Submitted by Assigned_Reviewer_14
Q1: Comments to author(s). First provide a summary of the paper, and then address the following criteria: Quality, clarity, originality and significance. (For detailed reviewing guidelines, see http://nips.cc/PaperInformation/ReviewerInstructions)
Summary: This paper deals with sampling methods based on linear ratebased neuralnetworks. First, it shows that symmetric weights (a common constraint in many models) significantly hurt the mixing rate. Then it shows that a (more physiological) nonnormal network can have a much faster mixing rate, if the connectivity is optimized for this purpose. This works even if more biological constraints (Dale's law) are imposed.
Clarity: Very clear and well organized paper.
Originality: To the best of my knowledge, these results are novel.
Significance: This is not completely clear too me. The importance of this paper mainly depends on how does this generalizes to nonlinear networks  which are more physiological, and can be used to generate more sophisticated samplers. Perhaps this could be shown in a simulation. If this does not generalize, then the significance critically depends on how the issues below are resolved.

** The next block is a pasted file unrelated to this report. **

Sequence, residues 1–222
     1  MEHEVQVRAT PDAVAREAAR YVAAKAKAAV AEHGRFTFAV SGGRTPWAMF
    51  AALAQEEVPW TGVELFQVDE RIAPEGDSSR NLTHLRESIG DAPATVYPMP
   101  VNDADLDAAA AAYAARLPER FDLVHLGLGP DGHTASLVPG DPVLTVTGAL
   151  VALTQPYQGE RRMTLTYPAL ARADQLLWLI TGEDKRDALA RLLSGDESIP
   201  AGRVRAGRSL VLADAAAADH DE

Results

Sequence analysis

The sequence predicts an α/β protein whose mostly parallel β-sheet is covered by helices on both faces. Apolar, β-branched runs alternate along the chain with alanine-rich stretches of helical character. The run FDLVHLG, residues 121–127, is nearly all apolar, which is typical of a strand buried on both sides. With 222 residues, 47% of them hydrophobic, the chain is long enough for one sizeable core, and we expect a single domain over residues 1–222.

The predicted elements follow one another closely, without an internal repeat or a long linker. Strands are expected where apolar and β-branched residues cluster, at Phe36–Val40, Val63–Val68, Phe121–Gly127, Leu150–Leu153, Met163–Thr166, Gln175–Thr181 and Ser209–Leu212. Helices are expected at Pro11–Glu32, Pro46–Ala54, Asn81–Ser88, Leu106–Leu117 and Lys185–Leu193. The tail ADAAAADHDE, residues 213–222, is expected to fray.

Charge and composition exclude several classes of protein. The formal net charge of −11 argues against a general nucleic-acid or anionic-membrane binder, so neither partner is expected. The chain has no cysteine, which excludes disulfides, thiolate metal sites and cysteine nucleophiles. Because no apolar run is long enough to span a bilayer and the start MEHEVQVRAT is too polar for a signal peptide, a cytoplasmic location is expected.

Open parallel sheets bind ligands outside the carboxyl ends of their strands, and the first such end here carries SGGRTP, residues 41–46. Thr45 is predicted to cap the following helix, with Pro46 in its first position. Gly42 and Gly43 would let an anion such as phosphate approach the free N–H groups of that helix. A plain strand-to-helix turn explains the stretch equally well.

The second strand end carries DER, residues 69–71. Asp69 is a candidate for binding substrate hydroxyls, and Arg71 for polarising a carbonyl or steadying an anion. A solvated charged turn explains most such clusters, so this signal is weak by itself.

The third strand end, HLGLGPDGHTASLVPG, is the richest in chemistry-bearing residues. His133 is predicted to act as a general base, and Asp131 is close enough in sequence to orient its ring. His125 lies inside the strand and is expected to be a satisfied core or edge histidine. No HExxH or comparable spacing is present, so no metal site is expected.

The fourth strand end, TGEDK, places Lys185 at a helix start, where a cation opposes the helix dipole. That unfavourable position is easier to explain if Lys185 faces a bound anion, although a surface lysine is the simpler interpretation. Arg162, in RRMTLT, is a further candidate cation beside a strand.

Quality: The derivations appear to be correct and elegant. However, I'm quite confused as to what is the advantage of the suggested optimized networks. Given a linear network as defined in the paper, it is straightforward to construct a network that mixes as fast as possible (with timescale \tau_m)  if we are allowed to use more neurons in the network than components in the sampled vector (r). Simply have two layers (r & h) of neurons with no connections within each layer, and a feedforward connectivity \sqrt(\SigmaI) from the 'hidden' layer h to the visible layer r. Then it straightforward to show that we can sample from the r layer with the timescale of a single neuron. Clearly, this is similar to the preconditioned solution, except the noise sources are not external. Note that you can make it more physiological by adding recurrent connections to the hidden layer (and modifying accordingly the feedforward connectivity to \sqrt(\SigmaI)*A, where A is the appropriate 'whitening' matrix) and outgoing connections from the r layer (to some other, external neurons). Also we can maintain Dale's Law by summing together several hidden layers. I'm not sure what is the problem with such a simple solution. My final assessment of this paper will mainly depend on the answer to this question, as well the following (closely related) questions: